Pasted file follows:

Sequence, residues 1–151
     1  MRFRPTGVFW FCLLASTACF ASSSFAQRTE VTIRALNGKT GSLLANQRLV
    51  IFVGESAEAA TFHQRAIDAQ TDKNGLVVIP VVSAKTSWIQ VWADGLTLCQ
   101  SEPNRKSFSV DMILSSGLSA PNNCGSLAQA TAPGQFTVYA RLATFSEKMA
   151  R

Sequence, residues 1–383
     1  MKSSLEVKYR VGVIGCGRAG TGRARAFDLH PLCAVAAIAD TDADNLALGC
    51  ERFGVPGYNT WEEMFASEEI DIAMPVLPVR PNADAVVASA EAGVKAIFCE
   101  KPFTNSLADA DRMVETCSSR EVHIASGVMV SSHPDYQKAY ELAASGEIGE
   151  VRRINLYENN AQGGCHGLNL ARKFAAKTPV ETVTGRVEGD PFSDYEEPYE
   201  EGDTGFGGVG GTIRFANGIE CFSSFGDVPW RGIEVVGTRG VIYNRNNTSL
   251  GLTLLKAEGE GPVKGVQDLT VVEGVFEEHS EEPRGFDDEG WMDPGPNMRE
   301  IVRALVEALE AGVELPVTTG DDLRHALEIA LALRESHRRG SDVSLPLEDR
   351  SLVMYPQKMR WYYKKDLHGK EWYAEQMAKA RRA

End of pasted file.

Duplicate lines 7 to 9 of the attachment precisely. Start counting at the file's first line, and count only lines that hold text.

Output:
     1  MKSSLEVKYR VGVIGCGRAG TGRARAFDLH PLCAVAAIAD TDADNLALGC
    51  ERFGVPGYNT WEEMFASEEI DIAMPVLPVR PNADAVVASA EAGVKAIFCE
   101  KPFTNSLADA DRMVETCSSR EVHIASGVMV SSHPDYQKAY ELAASGEIGE